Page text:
While the ‘Arab awakenings’ have little direct connection to the emergence of protests against Vladimir Putin’s political order, Russian leaders feel that they are surrounded by a tide of anti-incumbent protests — and see each government toppled as potentially feeding the mood throughout the world. A related fear is that the overthrow of the Assad regime may feed a resurgence of anti-government protests in Iran, bringing the region’s political instability even closer to Russia’s borders.

Furthermore, Russian leaders are concerned about the gains made by Islamist forces in the region, and particularly in Egypt. The twin dangers of popular overthrow of local autocrats and the subsequent victory of Islamic parties in elections raise the danger of an Islamist takeover of parts of Central Asia. Such a scenario would likely lead to a significant increase in migration flows from the region to Russia, further destabilising the domestic political situation.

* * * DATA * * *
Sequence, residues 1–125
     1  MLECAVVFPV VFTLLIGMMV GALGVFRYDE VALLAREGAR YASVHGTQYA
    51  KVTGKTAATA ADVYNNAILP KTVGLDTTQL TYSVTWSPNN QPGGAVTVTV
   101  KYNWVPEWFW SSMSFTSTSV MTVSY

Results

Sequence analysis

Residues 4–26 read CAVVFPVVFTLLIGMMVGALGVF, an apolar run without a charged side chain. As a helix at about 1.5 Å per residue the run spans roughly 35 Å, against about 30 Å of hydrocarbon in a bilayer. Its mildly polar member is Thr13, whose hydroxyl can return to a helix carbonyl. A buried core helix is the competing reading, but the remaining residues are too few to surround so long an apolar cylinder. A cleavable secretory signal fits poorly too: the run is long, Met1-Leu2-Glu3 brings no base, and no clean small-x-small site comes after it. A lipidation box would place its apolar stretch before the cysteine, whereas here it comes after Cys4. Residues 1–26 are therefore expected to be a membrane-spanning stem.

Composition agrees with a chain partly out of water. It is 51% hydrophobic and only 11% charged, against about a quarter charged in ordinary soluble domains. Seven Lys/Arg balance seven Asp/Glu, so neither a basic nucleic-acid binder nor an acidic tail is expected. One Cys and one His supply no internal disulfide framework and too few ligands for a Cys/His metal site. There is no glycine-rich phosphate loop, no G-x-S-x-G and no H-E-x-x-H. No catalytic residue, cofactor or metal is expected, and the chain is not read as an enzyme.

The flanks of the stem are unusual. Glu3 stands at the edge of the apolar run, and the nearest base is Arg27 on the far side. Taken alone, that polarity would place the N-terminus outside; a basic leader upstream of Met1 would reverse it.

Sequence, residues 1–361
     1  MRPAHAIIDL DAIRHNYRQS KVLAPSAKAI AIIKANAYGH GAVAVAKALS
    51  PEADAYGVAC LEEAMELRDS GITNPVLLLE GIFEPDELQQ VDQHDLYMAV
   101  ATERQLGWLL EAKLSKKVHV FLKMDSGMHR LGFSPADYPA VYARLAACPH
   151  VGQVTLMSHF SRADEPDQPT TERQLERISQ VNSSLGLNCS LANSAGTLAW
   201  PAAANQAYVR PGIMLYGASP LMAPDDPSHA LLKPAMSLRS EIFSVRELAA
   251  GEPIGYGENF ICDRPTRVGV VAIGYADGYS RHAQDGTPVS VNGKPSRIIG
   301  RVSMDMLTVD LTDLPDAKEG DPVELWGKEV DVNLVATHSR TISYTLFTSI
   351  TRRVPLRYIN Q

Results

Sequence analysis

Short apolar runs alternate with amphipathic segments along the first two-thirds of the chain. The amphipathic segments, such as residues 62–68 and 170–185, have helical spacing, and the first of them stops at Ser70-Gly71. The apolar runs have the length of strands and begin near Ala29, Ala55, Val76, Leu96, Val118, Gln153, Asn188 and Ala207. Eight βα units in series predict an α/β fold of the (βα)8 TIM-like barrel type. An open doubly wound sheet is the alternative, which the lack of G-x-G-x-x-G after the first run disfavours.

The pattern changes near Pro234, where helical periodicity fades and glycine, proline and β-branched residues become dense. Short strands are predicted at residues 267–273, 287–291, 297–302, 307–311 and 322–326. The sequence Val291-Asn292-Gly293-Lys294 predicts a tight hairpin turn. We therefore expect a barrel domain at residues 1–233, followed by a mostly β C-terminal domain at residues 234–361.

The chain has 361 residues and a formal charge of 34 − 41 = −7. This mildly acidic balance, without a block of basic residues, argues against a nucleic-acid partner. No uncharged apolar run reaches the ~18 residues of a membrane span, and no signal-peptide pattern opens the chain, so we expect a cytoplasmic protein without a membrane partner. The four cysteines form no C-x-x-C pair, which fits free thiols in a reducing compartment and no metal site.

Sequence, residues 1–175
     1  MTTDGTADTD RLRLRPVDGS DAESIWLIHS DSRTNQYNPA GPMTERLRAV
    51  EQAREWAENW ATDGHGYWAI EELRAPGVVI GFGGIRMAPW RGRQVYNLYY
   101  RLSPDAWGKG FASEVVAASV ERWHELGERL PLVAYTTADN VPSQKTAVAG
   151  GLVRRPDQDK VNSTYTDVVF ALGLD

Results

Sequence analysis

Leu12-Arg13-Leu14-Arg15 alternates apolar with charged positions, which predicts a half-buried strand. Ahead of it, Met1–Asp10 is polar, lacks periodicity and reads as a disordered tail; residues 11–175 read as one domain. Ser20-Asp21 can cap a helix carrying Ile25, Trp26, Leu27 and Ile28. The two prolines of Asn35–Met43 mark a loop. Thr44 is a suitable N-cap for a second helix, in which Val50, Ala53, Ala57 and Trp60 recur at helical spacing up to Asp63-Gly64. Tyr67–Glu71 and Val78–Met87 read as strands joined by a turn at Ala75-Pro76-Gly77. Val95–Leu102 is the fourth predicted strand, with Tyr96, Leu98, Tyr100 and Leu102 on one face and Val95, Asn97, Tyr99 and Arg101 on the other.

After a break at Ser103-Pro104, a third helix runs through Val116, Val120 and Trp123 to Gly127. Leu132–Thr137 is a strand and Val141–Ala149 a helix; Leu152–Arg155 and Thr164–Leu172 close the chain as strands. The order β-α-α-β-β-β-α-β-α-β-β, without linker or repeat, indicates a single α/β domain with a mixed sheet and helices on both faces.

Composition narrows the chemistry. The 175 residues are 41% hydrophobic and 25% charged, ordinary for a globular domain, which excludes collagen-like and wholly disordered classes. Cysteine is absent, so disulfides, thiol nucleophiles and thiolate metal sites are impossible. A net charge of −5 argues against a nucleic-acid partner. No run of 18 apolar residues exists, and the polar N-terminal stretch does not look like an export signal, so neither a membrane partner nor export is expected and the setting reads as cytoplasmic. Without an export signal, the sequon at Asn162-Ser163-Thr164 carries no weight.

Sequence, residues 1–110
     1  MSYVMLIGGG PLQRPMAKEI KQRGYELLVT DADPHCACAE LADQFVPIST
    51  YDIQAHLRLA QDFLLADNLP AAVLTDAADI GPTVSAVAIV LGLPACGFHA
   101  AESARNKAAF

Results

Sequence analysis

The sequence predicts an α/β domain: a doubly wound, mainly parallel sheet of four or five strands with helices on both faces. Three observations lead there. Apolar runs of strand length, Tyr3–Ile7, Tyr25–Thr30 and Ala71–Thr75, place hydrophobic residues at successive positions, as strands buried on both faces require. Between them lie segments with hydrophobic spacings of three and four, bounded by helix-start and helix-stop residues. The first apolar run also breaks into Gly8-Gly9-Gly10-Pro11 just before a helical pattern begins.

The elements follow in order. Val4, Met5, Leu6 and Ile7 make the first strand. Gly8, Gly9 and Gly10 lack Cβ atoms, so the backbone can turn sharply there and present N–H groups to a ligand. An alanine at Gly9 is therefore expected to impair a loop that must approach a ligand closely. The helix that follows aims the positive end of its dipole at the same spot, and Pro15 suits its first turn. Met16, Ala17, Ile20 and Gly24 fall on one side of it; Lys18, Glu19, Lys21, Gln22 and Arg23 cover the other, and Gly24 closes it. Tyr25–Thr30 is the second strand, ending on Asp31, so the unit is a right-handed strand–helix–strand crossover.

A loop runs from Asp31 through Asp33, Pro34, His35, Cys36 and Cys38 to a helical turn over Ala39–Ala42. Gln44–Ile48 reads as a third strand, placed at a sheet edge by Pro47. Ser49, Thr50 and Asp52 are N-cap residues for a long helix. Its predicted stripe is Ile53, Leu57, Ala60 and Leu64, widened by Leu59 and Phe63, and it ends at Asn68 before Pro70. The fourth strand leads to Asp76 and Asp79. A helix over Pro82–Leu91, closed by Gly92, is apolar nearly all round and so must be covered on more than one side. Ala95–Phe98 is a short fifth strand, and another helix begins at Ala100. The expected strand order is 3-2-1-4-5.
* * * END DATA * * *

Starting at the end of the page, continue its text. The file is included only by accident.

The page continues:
Why Russia Protects Assad

I wrote a piece on Russian-Syrian relations this week for the Oxford Analytica Daily Brief. Usually, I repost these once their exclusivity has run out. But part of this one seems to have been picked up by Fareed Zakaria GPS over at cnn.com and I can repost it here now.

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On Tuesday, the U.S., UK and French ambassadors to the United Nations sharply criticized “irresponsible” arms sales to the Syrian regime. This was a thinly veiled reference to Moscow’s close defense-industrial cooperation with Damascus.